IRobot Sends One-Man Army to Detroit in Advance of Planned Invasion
Bruce Legge is on a mission to infiltrate the Detroit area’s defense industry and report back to his iRobot overlords in Bedford, MA. For a lone flesh-and-blood vanguard of a future invasion of metallic warriors, he’s not doing too badly.
Legge is a card-carrying member of the Michigan Homeland Security Consortium and is planning events for the Great Lakes chapter of the Association for Unmanned Vehicle Systems International (AUVSI). It’s all part of a “hearts-and-minds” strategy for iRobot (NASDAQ:IRBT), which wants to become an integral part of the already established robotics landscape in Southeast Michigan.
But right now, Legge is still an army of one.
When I first spoke with Legge in July 2009, he had just established the Troy, MI, office of iRobot and was getting ready to ink some military contracts and start hiring employees. As of today, none of that has happened. Why? Well, when we talked again in late February, he started to tell me why, and then stopped himself.
I asked whether it was one of those situations where he’d have to shoot me if he told me.
No, nothing that “top secret,” the retired U.S. Navy submarine officer says. The company is simply waiting for some government funding to come through. Later, Legge indicated that the funding might come from the Recovery Act.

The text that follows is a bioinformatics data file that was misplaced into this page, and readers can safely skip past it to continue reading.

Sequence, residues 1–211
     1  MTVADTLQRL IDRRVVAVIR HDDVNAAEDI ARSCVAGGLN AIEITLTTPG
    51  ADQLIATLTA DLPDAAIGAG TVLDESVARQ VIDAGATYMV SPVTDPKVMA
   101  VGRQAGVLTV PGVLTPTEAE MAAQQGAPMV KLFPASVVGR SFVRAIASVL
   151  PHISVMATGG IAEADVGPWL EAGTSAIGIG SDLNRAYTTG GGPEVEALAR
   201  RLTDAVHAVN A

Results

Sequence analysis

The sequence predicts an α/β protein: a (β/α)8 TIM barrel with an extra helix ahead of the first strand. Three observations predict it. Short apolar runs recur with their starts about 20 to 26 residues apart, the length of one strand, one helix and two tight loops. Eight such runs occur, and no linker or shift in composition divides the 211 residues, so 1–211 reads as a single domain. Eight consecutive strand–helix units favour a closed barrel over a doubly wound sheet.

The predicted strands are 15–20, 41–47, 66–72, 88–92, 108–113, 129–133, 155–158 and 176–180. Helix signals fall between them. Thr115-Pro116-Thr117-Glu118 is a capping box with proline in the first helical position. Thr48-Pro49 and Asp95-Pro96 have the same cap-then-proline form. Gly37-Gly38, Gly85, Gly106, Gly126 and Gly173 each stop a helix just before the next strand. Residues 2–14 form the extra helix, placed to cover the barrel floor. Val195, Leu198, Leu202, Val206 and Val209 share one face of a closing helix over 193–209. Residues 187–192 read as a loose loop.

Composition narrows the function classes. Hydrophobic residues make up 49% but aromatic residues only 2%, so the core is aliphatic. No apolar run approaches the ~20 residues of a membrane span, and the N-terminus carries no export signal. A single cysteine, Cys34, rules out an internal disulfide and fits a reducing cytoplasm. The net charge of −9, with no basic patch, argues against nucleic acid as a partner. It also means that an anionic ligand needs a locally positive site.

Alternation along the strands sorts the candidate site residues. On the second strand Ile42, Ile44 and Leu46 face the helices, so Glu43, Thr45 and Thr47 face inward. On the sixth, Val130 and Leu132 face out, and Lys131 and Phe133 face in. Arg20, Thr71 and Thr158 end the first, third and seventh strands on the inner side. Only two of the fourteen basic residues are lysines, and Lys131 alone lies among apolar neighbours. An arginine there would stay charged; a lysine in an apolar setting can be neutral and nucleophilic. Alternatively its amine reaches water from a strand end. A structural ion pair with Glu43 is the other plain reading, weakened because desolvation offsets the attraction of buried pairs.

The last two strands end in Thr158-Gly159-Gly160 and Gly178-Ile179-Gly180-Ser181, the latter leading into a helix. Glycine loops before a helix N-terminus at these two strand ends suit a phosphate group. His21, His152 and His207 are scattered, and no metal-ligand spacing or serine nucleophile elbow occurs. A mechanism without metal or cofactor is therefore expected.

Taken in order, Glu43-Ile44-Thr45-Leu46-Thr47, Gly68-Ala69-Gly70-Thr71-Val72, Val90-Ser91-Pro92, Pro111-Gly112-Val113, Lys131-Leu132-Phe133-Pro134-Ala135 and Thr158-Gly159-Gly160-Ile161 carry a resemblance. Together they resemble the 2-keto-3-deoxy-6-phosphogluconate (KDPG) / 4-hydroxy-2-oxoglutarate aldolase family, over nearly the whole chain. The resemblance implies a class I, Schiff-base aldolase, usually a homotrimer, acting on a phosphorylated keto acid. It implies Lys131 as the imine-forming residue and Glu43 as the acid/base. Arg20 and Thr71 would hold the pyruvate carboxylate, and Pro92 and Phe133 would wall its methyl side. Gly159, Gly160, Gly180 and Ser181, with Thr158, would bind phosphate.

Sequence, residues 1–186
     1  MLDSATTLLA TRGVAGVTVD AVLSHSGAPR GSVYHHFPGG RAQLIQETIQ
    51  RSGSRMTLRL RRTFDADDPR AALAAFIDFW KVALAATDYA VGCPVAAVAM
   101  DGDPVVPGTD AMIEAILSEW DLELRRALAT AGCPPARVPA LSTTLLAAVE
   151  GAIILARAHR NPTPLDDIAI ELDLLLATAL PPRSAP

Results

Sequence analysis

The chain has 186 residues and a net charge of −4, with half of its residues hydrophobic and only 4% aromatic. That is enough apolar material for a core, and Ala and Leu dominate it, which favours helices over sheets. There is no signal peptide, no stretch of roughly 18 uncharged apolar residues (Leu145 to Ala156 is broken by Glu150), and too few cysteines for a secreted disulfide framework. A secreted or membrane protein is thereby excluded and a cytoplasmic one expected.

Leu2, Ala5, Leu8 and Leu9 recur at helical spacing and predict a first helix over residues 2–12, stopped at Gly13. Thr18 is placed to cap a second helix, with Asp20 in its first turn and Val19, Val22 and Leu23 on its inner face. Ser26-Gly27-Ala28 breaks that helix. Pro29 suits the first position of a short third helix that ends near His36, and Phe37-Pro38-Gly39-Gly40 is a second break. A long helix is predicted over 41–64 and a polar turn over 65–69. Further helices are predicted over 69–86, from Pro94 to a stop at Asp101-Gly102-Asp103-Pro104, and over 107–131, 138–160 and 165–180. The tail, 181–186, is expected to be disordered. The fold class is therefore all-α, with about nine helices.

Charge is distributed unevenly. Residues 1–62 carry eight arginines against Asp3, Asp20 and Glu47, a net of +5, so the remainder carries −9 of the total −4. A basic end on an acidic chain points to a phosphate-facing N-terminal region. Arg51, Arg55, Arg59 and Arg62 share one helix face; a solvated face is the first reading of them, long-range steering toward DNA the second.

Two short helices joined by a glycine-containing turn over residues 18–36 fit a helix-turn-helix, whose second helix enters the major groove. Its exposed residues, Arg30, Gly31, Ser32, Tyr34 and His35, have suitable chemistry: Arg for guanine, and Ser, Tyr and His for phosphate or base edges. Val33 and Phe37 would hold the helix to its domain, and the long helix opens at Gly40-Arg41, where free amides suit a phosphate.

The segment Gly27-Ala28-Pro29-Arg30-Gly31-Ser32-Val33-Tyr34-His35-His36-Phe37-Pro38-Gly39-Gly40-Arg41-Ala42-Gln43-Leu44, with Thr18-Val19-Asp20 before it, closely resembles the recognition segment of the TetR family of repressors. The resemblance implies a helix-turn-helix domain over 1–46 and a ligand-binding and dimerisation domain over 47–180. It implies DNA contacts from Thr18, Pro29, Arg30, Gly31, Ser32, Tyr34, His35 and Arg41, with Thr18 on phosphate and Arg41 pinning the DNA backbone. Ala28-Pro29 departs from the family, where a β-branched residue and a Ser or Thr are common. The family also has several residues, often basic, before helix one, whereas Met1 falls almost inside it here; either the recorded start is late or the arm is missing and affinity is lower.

Meanwhile, there is still a great deal of ground-preparing for iRobot to do in the Detroit area. In a region where once-thriving industrial robotics companies are either changing or dying, iRobot practically stands alone as one that has experience in both the mass consumer and defense markets. That makes it one to watch, and perhaps emulate.
Robotics companies that once counted solely on the auto industry are learning, like many other auto suppliers, to diversify or die. iRobot comes to Detroit already diversified. We’ve all heard of the Roomba, the company’s robotic vacuum cleaner, which recently topped 5 million units sold. For the consumer product, Massachusetts is as fine a home as any. But for its “government robot,” Legge says, the Detroit area “is where the customer is.”
In 2007, when the University of Michigan launched its Ground Robotics Reliability Center, Legge “could really sense that the center of gravity was coming to this area for unmanned vehicles.” More recently the Robotic Systems Joint Progress Office (RSJPO) moved from Huntsville, AL, to the U.S. Army Tank-automotive & Armaments Command (TACOM) in Warren, MI, leaving little doubt that … Next Page »